Global temperatures near record highs as US, China meet on climate

Global temperatures near record highs as US, China meet on climate
People crowd a beach in Valencia, eastern Spain, 16 July 2023. A new heat wave is to hit Spain starting on 17 July and is expected to raise temperatures above 40 degrees Celsius in many places. EPA-EFE/KAI FOERSTERLING

MADRID, July 17 (Reuters) - Global temperatures were soaring to historic highs as the world's two biggest carbon emitters, the United States and China, sought on Monday to reignite talks on climate change.

With scientists saying the target of keeping global warming within 1.5 degrees Celsius of pre-industrial levels is moving beyond reach, evidence of the crisis was everywhere.

A remote town in China’s arid northwest, Sanbao, registered a national record of 52.2 Celsius (126 Fahrenheit).

Wildfires in Europe raged ahead of a second heat wave in two weeks that was set to send temperatures as high as 48C.

And nearly a quarter of the U.S. population fell under extreme heat advisories, partly due to a heat dome that has settled over western states.

“In many parts of the world, today is predicted to be the hottest day on record,” tweeted Tedros Adhanom Ghebreyesus, director-general of the World Health Organisation.

“The #ClimateCrisis is not a warning. It’s happening. I urge world leaders to ACT now.”

Ahead of meeting Chinese counterpart Xie Zhenhua in Beijing, U.S. climate envoy John Kerry urged China to partner with the United States to cut methane emissions and coal-fired power.

Prolonged high temperatures in China are threatening power grids and crops and raising concerns about a repeat of last year’s drought, the most severe in 60 years.

Typhoon Talim was gaining strength and due to make land at night along China’s southern coast, forcing the cancellation of flights and trains in the regions of Guangdong and Hainan.

In South Korea, torrential rains left 40 people dead as river levees collapsed causing flash floods. They followed the heaviest recorded rain in the capital Seoul last year.

An anticyclone nicknamed Charon – who in Greek mythology was the ferryman of the dead – could cause Europe to break its highest recorded temperature of 48.8C, possibly on the Italian island of Sardinia, according to Italy’s Air Force weather service.



The high temperatures are especially risky for people like teenage sisters Matilde and Angelica Aureli from Rome, who during extreme heat can only venture outside after 9 p.m. because of their albinism. The genetic condition affects the protective pigment melanin in hair, skin and eyes.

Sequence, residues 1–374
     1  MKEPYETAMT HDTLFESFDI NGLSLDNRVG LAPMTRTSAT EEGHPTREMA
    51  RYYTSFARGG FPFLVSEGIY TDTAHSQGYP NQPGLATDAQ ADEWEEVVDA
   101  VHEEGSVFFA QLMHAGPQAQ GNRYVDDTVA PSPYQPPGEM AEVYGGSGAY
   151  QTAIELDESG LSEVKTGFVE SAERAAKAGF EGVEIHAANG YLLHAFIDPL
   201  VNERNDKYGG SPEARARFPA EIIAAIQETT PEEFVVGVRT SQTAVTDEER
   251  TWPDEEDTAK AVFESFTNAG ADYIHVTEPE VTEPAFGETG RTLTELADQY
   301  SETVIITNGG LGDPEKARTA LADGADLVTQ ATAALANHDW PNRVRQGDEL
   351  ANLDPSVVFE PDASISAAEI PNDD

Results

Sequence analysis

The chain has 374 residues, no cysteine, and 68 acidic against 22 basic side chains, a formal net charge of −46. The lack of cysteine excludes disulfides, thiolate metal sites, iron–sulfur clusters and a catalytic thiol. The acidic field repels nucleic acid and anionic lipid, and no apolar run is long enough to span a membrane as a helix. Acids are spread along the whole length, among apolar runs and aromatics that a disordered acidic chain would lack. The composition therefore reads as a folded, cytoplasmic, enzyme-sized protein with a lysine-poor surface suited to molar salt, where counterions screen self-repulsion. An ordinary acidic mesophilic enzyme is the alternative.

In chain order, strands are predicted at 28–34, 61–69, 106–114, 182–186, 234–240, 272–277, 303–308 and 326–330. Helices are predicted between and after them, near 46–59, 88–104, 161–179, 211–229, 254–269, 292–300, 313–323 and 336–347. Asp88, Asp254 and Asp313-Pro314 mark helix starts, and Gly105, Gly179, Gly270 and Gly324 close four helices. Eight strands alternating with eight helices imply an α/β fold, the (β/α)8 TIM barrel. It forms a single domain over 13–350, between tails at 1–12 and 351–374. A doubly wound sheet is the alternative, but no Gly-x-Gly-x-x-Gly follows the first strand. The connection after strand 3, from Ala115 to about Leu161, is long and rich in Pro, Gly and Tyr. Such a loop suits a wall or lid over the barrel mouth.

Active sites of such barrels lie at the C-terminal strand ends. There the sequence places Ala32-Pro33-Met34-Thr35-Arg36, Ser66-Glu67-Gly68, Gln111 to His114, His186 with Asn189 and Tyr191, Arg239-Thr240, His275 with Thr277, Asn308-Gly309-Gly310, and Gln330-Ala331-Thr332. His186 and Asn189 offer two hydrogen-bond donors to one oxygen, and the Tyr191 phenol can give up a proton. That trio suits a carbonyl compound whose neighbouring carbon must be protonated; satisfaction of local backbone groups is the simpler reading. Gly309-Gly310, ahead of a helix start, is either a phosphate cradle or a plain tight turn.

“In the summer, it is getting hotter year by year… it’s actually very scary as an experience because for people with albinism, the sun keeps getting worse,” Matilde said.

In Spain, temperatures could rise to as high as 44C in some regions and will not fall below 25C at night, increasing the probability of wildfires, said Ruben del Campo, a spokesperson for state weather agency AEMET.

However, a forest fire on the island of La Palma in the Canaries that forced the evacuation of 4,000 people was being brought under control as temperatures fell, local official Sergio Rodriguez said in an interview on TVE.

The heat dome across the western United States also helped to generate heavy rains in the northeast, claiming at least five lives. The heat warnings spread as far as Florida.

In California’s Death Valley, tourists gathered in Furnace Creek on Sunday in anticipation of witnessing the hottest recognised temperature on earth: 134 Farenheit (56.7C) in 1913, according to the World Meteorological Organization.

They cheered as a digital display of 132F ticked up to 133 while National Park rangers stood by in case anyone succumbed to heat stroke.

“It’s my first time being here so I feel it would be really cool to be here for the hottest day ever on Earth for my first time,” said Kayla Hill, 24, of Salt Lake City, Utah.

Carlo Buontempo, director of the European Union’s Copernicus Climate Change Service, said there was a clear pattern of heatwaves becoming more common as predicted by scientists.

“We are already in uncharted territory, completely. We have never seen anything like this in our living memory, in our history,” Buontempo said.

By Charlie Devereux

(Reporting by Charlie Devereux; additional reporting by Emma Pinedo in Madrid, Giselda Vagnoni in Rome, Emma Farge in Geneva, Kate Abnett in Brussels; Editing by Andrew Cawthorne)


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